I’ve conducted a time-to-event analysis (accelerated failure time) for a research project, looking at the effect of an intervention on the probability of needing a blood transfusion during surgery. Instead of time however, I’ve used blood loss (in milliliters) as a proxy variable for time to event.

Everything I have read suggests that this is statistically valid (as blood loss increases, eventually everyone will need a transfusion- similar to as time increases everyone will experience disease progression or death, for example). however I can’t find any references where anyone has used an approach like this.

Curious if anyone has heard of this creative use of survival analysis before or could point me to a reference

I’ve determined that CPH assumptions were violated (the hazard of needing a transfusion increases with increasing blood loss, for example) and used an accelerated failure time model. Everything seems to check out

  • $\begingroup$ I'm curious as to why you would do this. One of the big motivations for time to event analysis is that the data are often censored (some of the subjects don't die before the study ends, etc.) You don't seem to have that. So ... why use this models? $\endgroup$
    – Peter Flom
    Sep 22 at 19:22
  • $\begingroup$ In my case some of the patients do not get transfused (eg, the don’t “die”). The reason I like this analysis is because the results are very intuitive to understand and clinically applicable. $\endgroup$ Sep 22 at 20:01

1 Answer 1


Parametric "survival" models, like AFT models, are just ways to estimate an underlying probability distribution while taking censoring and truncation of outcome values into account. Technically, a survival function $S(x)$ is just the complement of a proper (cumulative) probability distribution function $F(x)$; that is, $S(x) = 1-F(x)$. The variable $x$ doesn't have to represent time. For example, tobit models are used in economics when there are censored outcomes of types other than time (e.g., incomes or expenditures), and they can be implemented by invoking standard survival-analysis methods.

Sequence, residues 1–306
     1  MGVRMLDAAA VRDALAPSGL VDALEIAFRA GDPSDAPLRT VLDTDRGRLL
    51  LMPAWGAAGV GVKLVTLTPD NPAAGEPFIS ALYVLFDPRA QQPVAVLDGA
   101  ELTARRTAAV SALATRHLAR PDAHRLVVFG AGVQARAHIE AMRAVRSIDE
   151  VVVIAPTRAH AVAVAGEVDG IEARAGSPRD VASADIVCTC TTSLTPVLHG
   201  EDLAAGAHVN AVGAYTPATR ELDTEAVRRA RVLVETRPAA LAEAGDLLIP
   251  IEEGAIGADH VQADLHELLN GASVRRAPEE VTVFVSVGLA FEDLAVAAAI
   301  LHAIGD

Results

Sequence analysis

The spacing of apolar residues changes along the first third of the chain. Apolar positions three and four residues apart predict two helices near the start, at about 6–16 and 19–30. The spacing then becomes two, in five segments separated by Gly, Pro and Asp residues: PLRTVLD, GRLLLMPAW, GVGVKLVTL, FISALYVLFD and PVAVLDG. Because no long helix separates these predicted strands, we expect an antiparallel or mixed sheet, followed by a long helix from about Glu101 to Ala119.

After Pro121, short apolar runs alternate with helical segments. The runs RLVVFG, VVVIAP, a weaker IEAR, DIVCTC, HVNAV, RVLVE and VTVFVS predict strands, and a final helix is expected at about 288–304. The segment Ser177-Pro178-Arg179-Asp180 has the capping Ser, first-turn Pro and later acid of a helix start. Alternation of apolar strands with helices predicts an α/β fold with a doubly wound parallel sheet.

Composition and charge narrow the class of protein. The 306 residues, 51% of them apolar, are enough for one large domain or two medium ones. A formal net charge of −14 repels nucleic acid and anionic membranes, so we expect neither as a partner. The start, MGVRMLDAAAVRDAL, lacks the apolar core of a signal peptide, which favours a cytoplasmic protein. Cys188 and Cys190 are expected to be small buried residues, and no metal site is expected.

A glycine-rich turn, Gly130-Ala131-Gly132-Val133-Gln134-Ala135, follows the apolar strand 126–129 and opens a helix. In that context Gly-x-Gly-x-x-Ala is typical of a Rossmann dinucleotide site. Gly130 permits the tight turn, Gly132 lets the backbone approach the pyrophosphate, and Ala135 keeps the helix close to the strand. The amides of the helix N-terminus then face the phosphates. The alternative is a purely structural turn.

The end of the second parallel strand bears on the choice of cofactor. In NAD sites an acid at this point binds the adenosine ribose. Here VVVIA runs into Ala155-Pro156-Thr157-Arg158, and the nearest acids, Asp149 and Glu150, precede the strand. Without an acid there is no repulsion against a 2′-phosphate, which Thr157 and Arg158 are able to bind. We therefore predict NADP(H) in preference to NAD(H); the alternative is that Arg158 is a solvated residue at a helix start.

The question is whether cumulative blood loss is a reasonable choice for $x$. That depends on your understanding of the subject matter.

One further thought

In this particular application there might be an additional complication. A clinician calls for a blood transfusion based on assessment of the patient's condition. If the clinician making that assessment knows about the "intervention" whose effect you are trying to gauge, it's possible that knowledge will affect the decision to call for the transfusion. In that case the intervention itself might have no objective association with the patient's need for a transfusion, just with the clinician's decision to call for one. See the Hawthorne effect.


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